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  6. Buzzard2

    Buzzard2 Full Access Member

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    No your not the only one, I am poor also. Have to consider my upgrades very cautiously.
    So far Fox 3.0's all the way around, JDM tune, a bed cover forget the brand, full bed rug, auto tailgate lock, Spicer rear diff cover and a few other minor things. Next is the Morimoto Headlights just waiting on Black Friday to see if there is a sale.
     
  7. Jakenbake

    Jakenbake Full Access Member

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    Those SVC arms linked in the OP are adjustable on the truck according to the website.

    They also likely add some positive caster.
     
  8. andreb

    andreb Full Access Member

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    I just installed the full front kit on my truck from SVC. As @Ryan C mentioned you have to drill the top of the spindle to 3/4" to accept the new bolt. The supplied fasteners are all A/N style and have long shoulders so the moving parts aren't sitting on the threads. This makes all the bolts really long. My lathe is down at the moment otherwise I would have parted them all off about .5 ~ .75" Guess I can do it when I rebuild the shocks in 10K miles (as suggested by Fox!!).

    SVC has great products but there is not a lot online about installation, etc. They will help you if you call in but I think they install most of this stuff for customers. Jeff was a big help on the phone when I was doing my install. I also found some info at RPG and other sites like drilling the hole. I also chamfered to top edge of the spindle.

    I made the mistake of installing the UCA's with the joints screwed in to match the factory dimensions. When I let the suspension off the jack (full droop) it hit the spindle and deformed the alloy a bit. You can see in the first picture where it contacted and the "wrinkle" mark. This won't affect anything mechanically, it's just cosmetic but a bummer. The correct setting is 5 threads showing in the front adjuster and 3 in the rear. It's probably too much camber but it prevents this from happening. I'll let the alignment shop worry about the correct setting.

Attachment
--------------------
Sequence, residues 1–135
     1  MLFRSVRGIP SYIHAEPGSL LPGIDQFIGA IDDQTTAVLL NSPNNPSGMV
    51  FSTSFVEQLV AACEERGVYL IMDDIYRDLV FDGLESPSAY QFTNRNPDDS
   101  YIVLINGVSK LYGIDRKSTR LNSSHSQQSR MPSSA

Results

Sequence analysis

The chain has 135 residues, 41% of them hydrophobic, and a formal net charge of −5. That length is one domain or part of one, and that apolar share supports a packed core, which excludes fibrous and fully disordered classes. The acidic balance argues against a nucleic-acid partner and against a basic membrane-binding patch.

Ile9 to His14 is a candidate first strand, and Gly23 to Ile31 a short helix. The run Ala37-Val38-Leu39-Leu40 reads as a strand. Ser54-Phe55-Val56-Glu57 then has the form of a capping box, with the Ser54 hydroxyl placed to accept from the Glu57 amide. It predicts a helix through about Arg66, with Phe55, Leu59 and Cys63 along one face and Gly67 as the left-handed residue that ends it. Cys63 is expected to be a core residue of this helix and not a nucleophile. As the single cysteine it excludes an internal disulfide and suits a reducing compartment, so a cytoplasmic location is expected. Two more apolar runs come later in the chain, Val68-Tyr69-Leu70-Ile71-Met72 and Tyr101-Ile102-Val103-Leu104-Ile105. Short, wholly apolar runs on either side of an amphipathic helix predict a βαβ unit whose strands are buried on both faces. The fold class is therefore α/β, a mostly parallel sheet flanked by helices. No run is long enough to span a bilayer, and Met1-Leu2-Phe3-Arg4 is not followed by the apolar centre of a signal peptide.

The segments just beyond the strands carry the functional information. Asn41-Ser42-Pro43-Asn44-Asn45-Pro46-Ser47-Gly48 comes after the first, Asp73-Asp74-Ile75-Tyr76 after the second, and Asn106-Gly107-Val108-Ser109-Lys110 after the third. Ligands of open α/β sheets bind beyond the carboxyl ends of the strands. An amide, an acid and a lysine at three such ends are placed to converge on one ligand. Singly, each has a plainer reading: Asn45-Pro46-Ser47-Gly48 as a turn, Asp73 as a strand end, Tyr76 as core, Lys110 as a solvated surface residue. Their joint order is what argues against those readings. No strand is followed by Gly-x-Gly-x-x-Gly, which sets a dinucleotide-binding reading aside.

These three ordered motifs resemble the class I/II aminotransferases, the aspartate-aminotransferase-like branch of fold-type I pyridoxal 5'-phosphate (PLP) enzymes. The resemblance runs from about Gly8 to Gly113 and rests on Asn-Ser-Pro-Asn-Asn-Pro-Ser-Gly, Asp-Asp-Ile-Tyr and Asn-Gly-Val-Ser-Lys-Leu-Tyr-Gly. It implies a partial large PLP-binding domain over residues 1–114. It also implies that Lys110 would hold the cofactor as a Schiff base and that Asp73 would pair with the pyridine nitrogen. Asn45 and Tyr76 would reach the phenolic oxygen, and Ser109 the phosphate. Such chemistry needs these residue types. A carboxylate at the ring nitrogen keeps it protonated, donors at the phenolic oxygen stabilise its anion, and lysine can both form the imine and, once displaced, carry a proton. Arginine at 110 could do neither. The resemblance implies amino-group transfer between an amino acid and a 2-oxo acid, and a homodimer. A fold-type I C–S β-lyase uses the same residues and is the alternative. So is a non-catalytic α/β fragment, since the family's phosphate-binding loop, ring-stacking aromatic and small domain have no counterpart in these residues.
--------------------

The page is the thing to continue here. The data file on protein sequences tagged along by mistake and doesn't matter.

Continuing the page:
04394288-442A-43F8-B77F-B482FDCC1C7F.jpeg 70A5C7F3-726F-4BCD-8035-36A8EB1E65CE.jpeg 320C877E-EA89-4E24-A2BD-B2509A2988DB.jpeg
     
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  9. downforce137

    downforce137 Full Access Member

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    i think the icon delta arm is a better option for the price. greaseable joint and can be aligned on the truck, plus no drilling of the spindle.
     
  10. andreb

    andreb Full Access Member

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    I like the greasable option but honestly these joints will probably outlast the truck. You can align the SVC arms without removing the bolts. The heim joint is inside a threaded collar that is cut with LH/RH threads. Tightening the adjuster "loosens" the heim end an moves it out. No drill spindle is a + for sure but the large bolt may be stronger than their tapered adapter/spacer set up.

    7BB82A29-D185-4FAE-B01E-0BBECB21A471.jpeg